Experian is a credit bureau whose credit reports are used by countless companies, agencies and individuals.  The personal and financial information Experian collects about individuals is among the most sensitive data and should be given the highest security protections.

So it is extremely troubling to learn that one of  the companies owned by Experian sold consumer information to Hieu Minh Ngo, a Vietnamese national, who was running an online identity theft service out of his home in Vietnam.  Who broke this news?  Brian Krebs in October 2013 in one of his exclusive investigations.  Now Mr. Krebs has a follow-up story with even more details about Mr. Ngo’s crimes (krebsonsecurity.com; “U.S. States Investigating Breach at Experian”; April 3rd).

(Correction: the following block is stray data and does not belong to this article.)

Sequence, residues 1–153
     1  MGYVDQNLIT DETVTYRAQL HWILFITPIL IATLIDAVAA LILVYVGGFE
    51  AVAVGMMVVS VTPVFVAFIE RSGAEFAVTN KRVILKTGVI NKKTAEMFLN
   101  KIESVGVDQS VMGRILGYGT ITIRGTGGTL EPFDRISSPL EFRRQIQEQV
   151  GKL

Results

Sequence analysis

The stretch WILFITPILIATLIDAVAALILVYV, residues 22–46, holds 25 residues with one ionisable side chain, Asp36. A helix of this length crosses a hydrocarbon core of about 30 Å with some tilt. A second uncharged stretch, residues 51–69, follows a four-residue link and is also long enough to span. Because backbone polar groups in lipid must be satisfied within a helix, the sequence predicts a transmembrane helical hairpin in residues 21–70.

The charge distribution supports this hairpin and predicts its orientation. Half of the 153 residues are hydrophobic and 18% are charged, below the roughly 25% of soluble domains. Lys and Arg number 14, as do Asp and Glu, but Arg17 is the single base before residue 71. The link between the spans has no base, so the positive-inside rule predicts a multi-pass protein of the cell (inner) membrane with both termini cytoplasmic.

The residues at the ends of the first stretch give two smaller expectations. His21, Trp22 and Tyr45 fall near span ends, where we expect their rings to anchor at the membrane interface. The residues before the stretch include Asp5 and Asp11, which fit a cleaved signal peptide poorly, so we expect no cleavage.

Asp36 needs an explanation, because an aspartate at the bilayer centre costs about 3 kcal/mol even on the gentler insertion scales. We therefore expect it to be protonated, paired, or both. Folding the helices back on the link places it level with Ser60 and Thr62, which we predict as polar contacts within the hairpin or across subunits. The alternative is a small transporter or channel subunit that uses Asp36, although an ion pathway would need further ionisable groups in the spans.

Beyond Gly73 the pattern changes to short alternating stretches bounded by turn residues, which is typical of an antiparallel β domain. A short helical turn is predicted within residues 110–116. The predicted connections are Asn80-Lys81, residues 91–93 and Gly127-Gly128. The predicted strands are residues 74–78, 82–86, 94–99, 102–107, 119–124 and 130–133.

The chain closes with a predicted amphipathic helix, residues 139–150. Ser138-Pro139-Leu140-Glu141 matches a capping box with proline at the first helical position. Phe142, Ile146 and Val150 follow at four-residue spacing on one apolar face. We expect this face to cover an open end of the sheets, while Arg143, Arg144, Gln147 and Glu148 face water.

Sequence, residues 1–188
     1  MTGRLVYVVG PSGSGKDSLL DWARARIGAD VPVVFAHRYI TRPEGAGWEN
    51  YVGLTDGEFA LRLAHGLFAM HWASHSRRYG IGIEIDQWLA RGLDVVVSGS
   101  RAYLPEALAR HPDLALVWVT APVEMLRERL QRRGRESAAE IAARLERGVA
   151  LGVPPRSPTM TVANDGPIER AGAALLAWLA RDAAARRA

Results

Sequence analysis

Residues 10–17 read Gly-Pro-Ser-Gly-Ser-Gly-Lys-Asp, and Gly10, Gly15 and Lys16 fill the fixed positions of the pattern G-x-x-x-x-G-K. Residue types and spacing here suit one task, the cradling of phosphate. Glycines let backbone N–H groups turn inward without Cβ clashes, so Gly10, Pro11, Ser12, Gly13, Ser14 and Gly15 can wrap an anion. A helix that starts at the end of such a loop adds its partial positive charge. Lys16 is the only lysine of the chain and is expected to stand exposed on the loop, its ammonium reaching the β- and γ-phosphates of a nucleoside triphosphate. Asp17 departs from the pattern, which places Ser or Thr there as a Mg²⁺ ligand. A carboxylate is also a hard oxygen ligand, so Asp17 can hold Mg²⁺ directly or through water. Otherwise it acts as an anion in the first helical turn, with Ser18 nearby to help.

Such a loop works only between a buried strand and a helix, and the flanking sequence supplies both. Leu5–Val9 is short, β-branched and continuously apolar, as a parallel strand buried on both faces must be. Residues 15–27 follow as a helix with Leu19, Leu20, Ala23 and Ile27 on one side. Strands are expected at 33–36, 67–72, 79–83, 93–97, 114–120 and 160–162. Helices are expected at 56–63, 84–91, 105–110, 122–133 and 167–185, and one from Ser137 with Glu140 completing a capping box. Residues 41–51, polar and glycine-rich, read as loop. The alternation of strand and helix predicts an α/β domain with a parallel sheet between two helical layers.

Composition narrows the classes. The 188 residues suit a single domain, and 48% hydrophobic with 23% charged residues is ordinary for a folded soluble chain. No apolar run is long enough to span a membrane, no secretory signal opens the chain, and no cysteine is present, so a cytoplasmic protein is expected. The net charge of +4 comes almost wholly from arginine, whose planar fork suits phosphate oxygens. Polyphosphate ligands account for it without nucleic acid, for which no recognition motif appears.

As Mr. Krebs reported, Mr. Ngo pled guilty last month to the identity theft crime. The magnitude of his theft is staggering.

Mr. Krebs read the court proceedings.  He reports that Mr. Ngo sold personal and financial information to more than 1,300 customers between 2007 and 2013.  Moreover, Mr. Krebs reveals that Mr. Ngo “…tricked an Experian subsidiary into giving him direct access to personal and financial data on more than 200 million Americans.” (see Mr. Krebs article).  The information Mr. Ngo bought came from Court Ventures, a company Experian bought in March 2012 — but Mr. Ngo was stealing the personal data for nearly ten months after the Experian purchase of that company.

Now an investigation’s been launched by multiple U.S. States into the Experian breach.  Mr. Krebs can and should be, thanked for his tireless efforts.  But the real and lingering question is: what is Experian doing to tighten its oversight of its’ subsidiary companies?